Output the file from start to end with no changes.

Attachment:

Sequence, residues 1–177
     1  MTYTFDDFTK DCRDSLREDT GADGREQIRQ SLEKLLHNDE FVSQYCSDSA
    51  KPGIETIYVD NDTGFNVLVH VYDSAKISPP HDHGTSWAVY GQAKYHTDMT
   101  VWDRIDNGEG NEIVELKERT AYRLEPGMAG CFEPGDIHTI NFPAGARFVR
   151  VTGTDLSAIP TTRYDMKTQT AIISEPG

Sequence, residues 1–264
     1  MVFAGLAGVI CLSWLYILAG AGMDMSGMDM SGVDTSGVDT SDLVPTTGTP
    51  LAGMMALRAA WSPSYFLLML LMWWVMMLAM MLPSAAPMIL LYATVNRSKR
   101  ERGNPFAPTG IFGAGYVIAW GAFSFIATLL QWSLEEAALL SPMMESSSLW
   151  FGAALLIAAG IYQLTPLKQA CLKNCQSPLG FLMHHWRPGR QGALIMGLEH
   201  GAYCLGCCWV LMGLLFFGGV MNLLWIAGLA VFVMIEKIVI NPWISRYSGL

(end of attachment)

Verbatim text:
Sequence, residues 1–177
     1  MTYTFDDFTK DCRDSLREDT GADGREQIRQ SLEKLLHNDE FVSQYCSDSA
    51  KPGIETIYVD NDTGFNVLVH VYDSAKISPP HDHGTSWAVY GQAKYHTDMT
   101  VWDRIDNGEG NEIVELKERT AYRLEPGMAG CFEPGDIHTI NFPAGARFVR
   151  VTGTDLSAIP TTRYDMKTQT AIISEPG

Sequence, residues 1–264
     1  MVFAGLAGVI CLSWLYILAG AGMDMSGMDM SGVDTSGVDT SDLVPTTGTP
    51  LAGMMALRAA WSPSYFLLML LMWWVMMLAM MLPSAAPMIL LYATVNRSKR
   101  ERGNPFAPTG IFGAGYVIAW GAFSFIATLL QWSLEEAALL SPMMESSSLW
   151  FGAALLIAAG IYQLTPLKQA CLKNCQSPLG FLMHHWRPGR QGALIMGLEH
   201  GAYCLGCCWV LMGLLFFGGV MNLLWIAGLA VFVMIEKIVI NPWISRYSGL